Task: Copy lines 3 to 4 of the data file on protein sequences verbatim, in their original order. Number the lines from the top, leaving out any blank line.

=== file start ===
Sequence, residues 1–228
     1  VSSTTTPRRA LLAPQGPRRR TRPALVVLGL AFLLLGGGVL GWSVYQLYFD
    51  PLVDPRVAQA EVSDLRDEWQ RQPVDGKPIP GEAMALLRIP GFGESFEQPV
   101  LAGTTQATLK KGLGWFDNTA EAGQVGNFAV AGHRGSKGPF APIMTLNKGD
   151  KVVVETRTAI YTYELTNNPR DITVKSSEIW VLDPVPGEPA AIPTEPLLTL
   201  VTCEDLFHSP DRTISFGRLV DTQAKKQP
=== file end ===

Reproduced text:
    51  PLVDPRVAQA EVSDLRDEWQ RQPVDGKPIP GEAMALLRIP GFGESFEQPV
   101  LAGTTQATLK KGLGWFDNTA EAGQVGNFAV AGHRGSKGPF APIMTLNKGD